Patriotism and the way it can be manipulated forms the thrust of the fingerpicked ‘The Patriot’ (“They tell me how liberty comes at a price; That no price is ever too high. When devils are driving the wind to the sails.”) while the briskly strummed ‘The Promised Land’ turns its attention to the influence of focus groups on forming political policy that often reflects their own interests. By way of change of focus, over a circling guitar pattern, ‘Longhope’ pays tribute to the eight man volunteer crew of the Longhope lifeboat who lost their lives in the 1969 disaster during an attempted rescue.

It’s back then to barbed commentary, adopting a sprightly, almost salvationist hymnal style tune for ‘The Thinking Of God’ about those who, from Pastors to Imams take it upon themselves to interpret the divine will of their choice, while ‘A Peace That’s Bad’ is a Country Joe-like strummed reminder that a ‘Peace that’s seen to be unjust fuels conflict and distrust’. Elsewhere, ‘Skeletons Dance’, with its music hall whirlygig melody, addresses political hypocrisy and its tabloid press exposure, ‘Little By Little’ casts an eye on the way increasing surveillance is gradually eroding our freedoms and the gypsy waltzing tragedy of ‘Something Of A Loner’ sounds an all too familiar note about the fate of those we see as social misfits (“Oh, it must be ten years. He was here when we came. He lived in the flats. No, I don’t know his name. He always wore medals. We thought he was weird. And the kids, well, whenever they saw him they jeered.”)

It’s not all so pessimistic. ‘The Trotter Sisters’ is an amusingly wry bluesy tale of the showbiz comeback of sibling contortionists, so famous Madonna plays backup and the ragtime-styled ‘Everything’s Possible’ is a celebration of human ingenuity that namechecks Gutenberg, Alexander Graham Bell, Alexander Fleming and Tim Berners-Lee, along with the inventors of the wheel and the compass. The optimism and resilience of the human spirit gets a personal note too in the circling melody of ‘Mary Huddleston’, the poignant story of his own great aunt who sailed from Liverpool on a way one trip to carve a new life in the Cape, braving all adversity to raise a farm and family.

Fittingly then, he closes on an upbeat note with the energetically strummed ‘Hope’, a reminder that, despite all the connivances of the body politic and of those of power and privilege that “hope will be the last to die.” Not original thoughts perhaps, but perceptive and well honed nonetheless.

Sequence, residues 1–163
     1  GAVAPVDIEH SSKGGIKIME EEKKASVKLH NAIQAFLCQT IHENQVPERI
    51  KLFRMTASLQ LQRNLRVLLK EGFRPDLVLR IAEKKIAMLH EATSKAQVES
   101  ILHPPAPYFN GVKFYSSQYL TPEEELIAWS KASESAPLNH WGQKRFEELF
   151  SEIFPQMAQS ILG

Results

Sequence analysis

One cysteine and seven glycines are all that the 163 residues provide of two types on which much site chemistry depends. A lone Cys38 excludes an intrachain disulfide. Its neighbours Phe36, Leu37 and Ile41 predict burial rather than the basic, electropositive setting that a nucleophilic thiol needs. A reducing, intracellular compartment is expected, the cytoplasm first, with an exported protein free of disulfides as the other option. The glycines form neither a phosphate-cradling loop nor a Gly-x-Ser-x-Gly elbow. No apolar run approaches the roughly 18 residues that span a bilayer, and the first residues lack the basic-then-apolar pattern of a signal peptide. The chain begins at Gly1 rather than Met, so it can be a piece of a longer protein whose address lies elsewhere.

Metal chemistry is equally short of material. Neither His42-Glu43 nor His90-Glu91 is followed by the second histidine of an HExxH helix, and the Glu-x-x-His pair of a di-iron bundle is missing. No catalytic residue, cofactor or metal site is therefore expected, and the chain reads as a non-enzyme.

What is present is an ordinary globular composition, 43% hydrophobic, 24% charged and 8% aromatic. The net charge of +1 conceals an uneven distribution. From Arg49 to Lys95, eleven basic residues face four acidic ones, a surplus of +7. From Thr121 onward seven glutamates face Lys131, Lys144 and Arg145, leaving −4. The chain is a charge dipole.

Mike Davies

If you would like to order a copy of an album (CD or Vinyl format), download a copy or just listen to snippets of selected tracks then click below to be taken to our associated partner Amazon’s website (use the left and right arrows below to scroll along or back to see the full selection).

Buying through Amazon on folking.com helps us to recover a small part of our running costs, so please order anything you need as every little purchase helps us.

Artist’s website: http://www.trevormidgley.com/

‘Longhope’ – probably an unofficial video:

A message from Beau

Beau - An Original Thought

The big news is that today, (9th May)  Cherry Red are celebrating my 70th birthday with a brand new Beau album, An Original Thought.

Written in just fourteen days (my most intense writing phase ever, even going back to my twenties!), An Original Thought contains songs about patriotism, invention, modern-day surveillance, showbiz comebacks and a lifeboat disaster. And that’s just for starters!

The album cover features my trusty 1967 Harmony twelve-string, photographed in 2014 by Rocker Rosehip.

If you would like to order a copy of an album (CD or Vinyl format), download a copy or just listen to snippets of selected tracks then click below to be taken to our associated partner Amazon’s website (use the left and right arrows below to scroll along or back to see the full selection).

Buying through Amazon on folking.com helps us to recover a small part of our running costs, so please order anything you need as every little purchase helps us.

Artist’s website: http://www.trevormidgley.com/

‘The Patriot’ – official video:

VARIOUS ARTISTS – Dust on the Nettles: A Journey Through the British Underground Folk Scene 1967-72 (Grapefruit/Cherry Red CRSEGBOX030)

Dust on the NettlesIt was a time not only of music’s charting big names but also exploration by the Incredible String Band, Dr. Strangely Strange, developing folk rock (Pentangle; Fairport Convention; Steeleye Span), folk boomers pushing boundaries (Mick Softley; John Renbourn to whom the box is dedicated with Clive Palmer), and also a vibrant scene of counterculture comics, Alice in Wonderland on the Beeb in experimental form, revived novels by Hermann Hesse, Aldous Huxley, Tolkien, Krishna Consciousness, New Age, and Jesus Movements (one of which is here). David Wells’ myth-dispelling notes tells us that acid-folk was applied in the late ’60s, not retrospectively, as a quieter parallel to acid-rock. Martin Carthy called it “pagan” at the time.

Here, from 1967-72, are not only the famous, plus those of cult status, but also the obscure pressed in a few dozen copies to avoid VAT, unreleased demos, rare singles and soundtrack samples (Magnet, aka Hocket or Lodestone, for The Wicker Man; a very early Vashti Bunyan from Swinging London). It is a cornucopia, an extensive botanical garden of species and one-off hybrids, but why the absence of Dr. Strangely Strange, Forest, Third Ear Band, Blondel, Sweeney’s Men, Strawbs, Dulcimer, Dawnwind, ‘Mac’ Macleod…Why ‘British underground’ without leading Irish or Welsh for what was a cosmopolitan scene? Were Pentangle, Steeleye Span and Joan Armatrading ever underground pray tell? The title seems a bit like a punt into the wrong neighbours’ garden, the link to the sub-title eludes me, but such points are as titchy as a gnat’s boil regarding the overall musical delight. Nowadays box-sets are as much due to label ownership as personal taste or accuracy, hence contents as elastic as an elastic band used to be.